Puerto Rican rum is a type of [ingredient=rum rum] made on the Island of Puerto Rico. Rums made in this style are column distilled and quite light, scarcely differentiating white Puerto Rican rums from vodka. Puerto Rico is a huge producer of rum, though sugar cane harvesting has all but disappeared from the island.
There are a handful of large distillers in Puerto Rico, the best known being Bacardi. Other producers include Captain Morgan, Ron Rico, and Don Q.
Some popular cocktails containing Puerto Rican Rum
- Love Burns — Puerto Rican Rum, Sparkling rosé wine, Chinato, Grapefruit bitters, Lemon juice, Simple syrup
- Hawaii Kai Treasure — Puerto Rican Rum, Curaçao, Crushed ice, Lime juice, Grapefruit juice, Half-and-half, Orgeat, Honey syrup
- Six Barrel Shotgun — Gin, Bourbon, Puerto Rican Rum, Sweet vermouth, Bitters, Simple syrup, Lemon juice
- Lani-Honi — Bénédictine, Puerto Rican Rum, Lemon juice
- Zombie — Jamaican rum, Puerto Rican Rum, Demerara Rum, Falernum, Bitters, Pastis, Crushed ice, Lime juice, Grapefruit juice, Cinnamon syrup, Grenadine, Mint
- Q.B. Cooler — Jamaican rum, Puerto Rican Rum, Demerara Rum, Falernum, Bitters, Crushed ice, Club soda, Orange juice, Lime juice, Honey syrup, Ginger syrup
- Caribbean Punch — Puerto Rican Rum, Jamaican rum, Falernum, Bitters, Herbal liqueur, Crushed ice, Sarsaparilla soda, Simple syrup, Lime juice, Almond syrup, Grenadine, Mint
- Don Fulano — Champagne, Puerto Rican Rum, White Crème de Cacao, Bitters, Sugar cube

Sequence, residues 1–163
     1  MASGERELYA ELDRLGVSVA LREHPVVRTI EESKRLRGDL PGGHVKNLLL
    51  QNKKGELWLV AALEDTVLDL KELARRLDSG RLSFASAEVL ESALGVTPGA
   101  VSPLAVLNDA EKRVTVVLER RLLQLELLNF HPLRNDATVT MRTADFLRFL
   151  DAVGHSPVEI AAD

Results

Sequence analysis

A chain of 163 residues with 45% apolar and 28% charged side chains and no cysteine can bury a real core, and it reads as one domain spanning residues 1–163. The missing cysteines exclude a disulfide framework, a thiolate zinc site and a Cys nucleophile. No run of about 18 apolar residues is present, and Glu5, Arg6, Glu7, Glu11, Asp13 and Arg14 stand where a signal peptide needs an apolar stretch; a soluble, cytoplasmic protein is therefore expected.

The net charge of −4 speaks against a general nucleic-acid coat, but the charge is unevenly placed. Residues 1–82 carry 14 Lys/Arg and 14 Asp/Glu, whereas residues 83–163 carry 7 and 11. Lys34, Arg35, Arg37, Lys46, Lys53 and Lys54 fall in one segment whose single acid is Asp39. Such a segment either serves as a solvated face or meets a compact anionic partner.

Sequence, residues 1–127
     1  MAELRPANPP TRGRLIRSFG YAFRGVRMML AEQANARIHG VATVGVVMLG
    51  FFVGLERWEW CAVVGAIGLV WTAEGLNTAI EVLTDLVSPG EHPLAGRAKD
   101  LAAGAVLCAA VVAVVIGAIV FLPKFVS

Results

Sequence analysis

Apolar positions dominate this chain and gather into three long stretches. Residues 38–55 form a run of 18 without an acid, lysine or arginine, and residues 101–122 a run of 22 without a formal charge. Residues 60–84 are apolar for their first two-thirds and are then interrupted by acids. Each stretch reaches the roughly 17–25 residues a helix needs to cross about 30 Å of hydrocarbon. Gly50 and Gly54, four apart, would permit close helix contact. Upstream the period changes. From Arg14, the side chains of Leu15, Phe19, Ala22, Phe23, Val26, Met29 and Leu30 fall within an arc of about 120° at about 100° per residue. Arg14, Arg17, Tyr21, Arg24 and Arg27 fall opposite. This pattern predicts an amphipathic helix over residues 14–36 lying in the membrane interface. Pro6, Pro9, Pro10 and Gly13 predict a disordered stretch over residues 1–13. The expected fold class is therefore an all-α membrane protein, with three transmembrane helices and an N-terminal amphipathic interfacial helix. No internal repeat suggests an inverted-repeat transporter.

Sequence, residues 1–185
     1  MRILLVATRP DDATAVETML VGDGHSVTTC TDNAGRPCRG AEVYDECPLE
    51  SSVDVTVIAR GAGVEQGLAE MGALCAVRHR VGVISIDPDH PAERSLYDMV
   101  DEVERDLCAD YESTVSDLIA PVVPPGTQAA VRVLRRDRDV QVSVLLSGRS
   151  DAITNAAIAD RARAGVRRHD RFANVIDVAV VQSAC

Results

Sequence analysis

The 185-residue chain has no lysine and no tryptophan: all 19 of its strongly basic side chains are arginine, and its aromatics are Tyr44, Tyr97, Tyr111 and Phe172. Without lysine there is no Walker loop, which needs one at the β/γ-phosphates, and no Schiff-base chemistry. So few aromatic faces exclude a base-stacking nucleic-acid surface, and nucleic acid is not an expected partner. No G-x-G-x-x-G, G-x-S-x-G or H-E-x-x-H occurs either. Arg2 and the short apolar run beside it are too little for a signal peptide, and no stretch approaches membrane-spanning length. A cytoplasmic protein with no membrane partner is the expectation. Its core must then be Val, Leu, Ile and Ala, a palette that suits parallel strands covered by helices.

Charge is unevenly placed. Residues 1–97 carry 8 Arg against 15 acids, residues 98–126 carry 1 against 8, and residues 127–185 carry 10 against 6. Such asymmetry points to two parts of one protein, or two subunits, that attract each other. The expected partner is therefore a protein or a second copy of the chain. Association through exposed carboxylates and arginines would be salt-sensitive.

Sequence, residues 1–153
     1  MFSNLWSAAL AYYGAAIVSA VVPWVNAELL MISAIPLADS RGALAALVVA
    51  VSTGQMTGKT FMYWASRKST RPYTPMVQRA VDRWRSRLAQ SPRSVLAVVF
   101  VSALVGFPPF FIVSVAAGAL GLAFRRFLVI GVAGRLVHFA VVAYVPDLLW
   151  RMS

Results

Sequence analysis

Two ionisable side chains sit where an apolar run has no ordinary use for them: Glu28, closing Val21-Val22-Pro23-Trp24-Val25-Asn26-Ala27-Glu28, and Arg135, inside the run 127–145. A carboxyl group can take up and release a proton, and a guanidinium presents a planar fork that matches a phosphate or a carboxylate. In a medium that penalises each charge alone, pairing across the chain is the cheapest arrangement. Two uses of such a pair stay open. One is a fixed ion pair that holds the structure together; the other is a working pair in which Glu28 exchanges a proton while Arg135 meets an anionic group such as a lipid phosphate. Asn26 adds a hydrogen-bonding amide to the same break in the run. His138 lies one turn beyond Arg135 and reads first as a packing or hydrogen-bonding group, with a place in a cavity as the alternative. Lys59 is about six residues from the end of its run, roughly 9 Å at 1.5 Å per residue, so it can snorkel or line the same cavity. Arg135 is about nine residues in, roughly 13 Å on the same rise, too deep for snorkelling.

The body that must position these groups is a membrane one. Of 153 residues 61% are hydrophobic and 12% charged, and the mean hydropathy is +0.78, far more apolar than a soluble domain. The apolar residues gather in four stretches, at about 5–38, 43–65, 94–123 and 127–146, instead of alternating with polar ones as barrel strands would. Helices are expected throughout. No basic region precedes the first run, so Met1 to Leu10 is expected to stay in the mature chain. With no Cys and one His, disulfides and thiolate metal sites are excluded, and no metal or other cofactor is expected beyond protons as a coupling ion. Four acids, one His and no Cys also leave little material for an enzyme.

- Samoan Fog Cutter — Puerto Rican Rum, Gin, Brandy, Cream Sherry, Ice, Lemon juice, Orange juice, Orgeat
- El Momento Perfecto — Puerto Rican Rum, Aromatized wine, Byrrh, Campari, Bitters, Orange marmalade
Just a quick note—Captain Morgan is no longer produced in Puerto Rico. It is now made in the US Virgin Islands.
While it's true that rums made in Puerto Rico are lighter in body and character than rums from, say, Jamaica, it's misleading to say they're scarcely differentiated from vodka. Bottlings like Palo Viejo and Caliche, containing a high proportion of heavy rums in their blends, have a full, molasses-y flavor that compares favorably, in my view, to Havana Club Añejo 3 year. The Barrilito expressions are robust and rummy. Even Don Q Cristal, the most popular rum among Puerto Ricans, has vanilla and spice notes from barrel aging, and makes a flavorful Daiquiri.
All Puerto Rican rums are aged for a legal minimum of one year in oak in bonded warehouses. Most bottlings are a blend of light-bodied and heavy-bodied (long ferment, lower distilling proof) rums. I've tasted the heavy rums on their own and found them surprisingly English/Jamaican in style (albeit less funky than, say, Wray & Nephew White Overproof). Granted, the character of most blends is still light (the heavy rum being equivalent to a touch of Islay in a blended Scotch). Distilleries sometimes bottle their aguardientes (low wines), which are intensely flavored, like eaux de vie of molasses.